Puppies are cute and lovely, but it can be a real challenge to bring them up to be lovely dogs. Puppies jump, hang, bite, destroy, run away, empty bins and make-up bags, chew on shoes, trainers and plug sockets — the list goes on. Of course, all puppies are different, therefore some people will remember those days fondly; others will remember how stressful and tiring it was; but most will have erased this stressful time from their memory.
How often do you play with your dog?
Is play part of your routine together, or something that gets sidelined depending on your mood and motivation after a hard day? Do you prioritise training or physical exercise over games with your dog? Perhaps now’s the time to think again!
My teckel [AKA Dachsund] is proving to be a valuable learning experience. This is code for “what have I done?” The adolescent challenges just keep coming, and progress has not only stopped, we are heading rapidly backwards. My marvellous plan of just sticking with it is seeming less and less practical as the days pass and the problems increase.
No, I’m not suggesting that you and your dog toddle off for a daily pumpkin spice latte. Although, if your local branch is dog-friendly and you like your hot beverages sugar-rather-than-coffee-based it’s as good a place to do some socialisation as any I’m sure (for more on the importance of socialisation watch this video).
Starbucks for dogs isn’t about Starbucks. It’s about creating the Starbucks (substitute your favourite cafe here) experience for your dog. In his / her crate.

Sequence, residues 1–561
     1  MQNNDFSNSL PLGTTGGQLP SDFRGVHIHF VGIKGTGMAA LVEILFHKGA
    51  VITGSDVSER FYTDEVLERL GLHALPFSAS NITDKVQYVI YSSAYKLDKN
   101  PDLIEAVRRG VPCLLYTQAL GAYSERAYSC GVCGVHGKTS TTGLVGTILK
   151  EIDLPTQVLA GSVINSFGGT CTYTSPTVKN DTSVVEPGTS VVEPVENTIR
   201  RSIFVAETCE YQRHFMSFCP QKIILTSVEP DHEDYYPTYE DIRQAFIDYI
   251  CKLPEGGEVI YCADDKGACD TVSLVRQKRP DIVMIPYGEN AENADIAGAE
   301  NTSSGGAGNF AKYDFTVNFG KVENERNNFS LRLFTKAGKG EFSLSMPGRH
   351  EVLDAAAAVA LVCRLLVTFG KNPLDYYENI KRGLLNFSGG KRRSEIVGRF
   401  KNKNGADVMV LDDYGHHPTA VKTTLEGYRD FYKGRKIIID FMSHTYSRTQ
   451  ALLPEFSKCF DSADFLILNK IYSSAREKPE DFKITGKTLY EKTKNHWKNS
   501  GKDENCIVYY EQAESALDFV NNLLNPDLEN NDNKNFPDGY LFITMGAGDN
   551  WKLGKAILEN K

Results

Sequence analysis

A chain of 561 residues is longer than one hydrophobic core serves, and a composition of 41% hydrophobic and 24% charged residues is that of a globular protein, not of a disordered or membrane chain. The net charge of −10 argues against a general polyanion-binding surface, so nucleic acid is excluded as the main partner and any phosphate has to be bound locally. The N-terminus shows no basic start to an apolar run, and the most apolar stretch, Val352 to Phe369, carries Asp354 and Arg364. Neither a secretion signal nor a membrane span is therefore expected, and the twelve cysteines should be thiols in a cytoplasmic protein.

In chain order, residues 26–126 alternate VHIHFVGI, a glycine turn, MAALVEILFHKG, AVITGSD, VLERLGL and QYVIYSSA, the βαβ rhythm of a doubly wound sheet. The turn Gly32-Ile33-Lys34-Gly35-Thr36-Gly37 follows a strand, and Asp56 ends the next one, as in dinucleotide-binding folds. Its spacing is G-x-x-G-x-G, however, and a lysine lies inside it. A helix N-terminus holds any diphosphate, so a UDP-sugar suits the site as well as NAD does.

<img class=” wp-image-471 alignleft” src=”http://blog.dogcoachvideos.com/wp-content/uploads/2015/01/jr-with-knapsack-300×201.png” alt=”jr-with-knapsack” width=”322″ height=”216″ srcset=”http://blog.dogcoachvideos.com/wp-content/uploads/2015/01/jr-with-knapsack-300×201.png 300w, http://blog.dogcoachvideos.com/wp-content/uploads/2015/01/jr-with-knapsack.png 777w” sizes=”(max-width: 322px) 100vw, 322px” />When I was five or six years old my mother took me to kindergarten. I am told I cried the entire day, sitting in the corner and sobbing hysterically. Nothing anyone did assuaged me. When my mother returned to pick me up, I reportedly ran screaming across the room, grabbed onto her legs and wouldn’t let go. Oh my.
I thought of that somewhat embarrassing story when a friend asked if they should put their dog into a local Doggy Day Care. If you’ve been following my blog you know my answer: “It depends.” A bad doggy day care is no less than abusive and dangerous. A really good one can be a wonderful option for some dogs, but not others. I can relate to the “not others”. If I’d been a dog when I was young, I would have hunkered in a corner, big-eyed and silent, or growling and snarling under a chair. But how does one know which dogs would enjoy doggy day care, and what day cares are safe, healthy places for the dogs who are good prospects?
There’s little doubt that most of us could do more of it – dog training that is!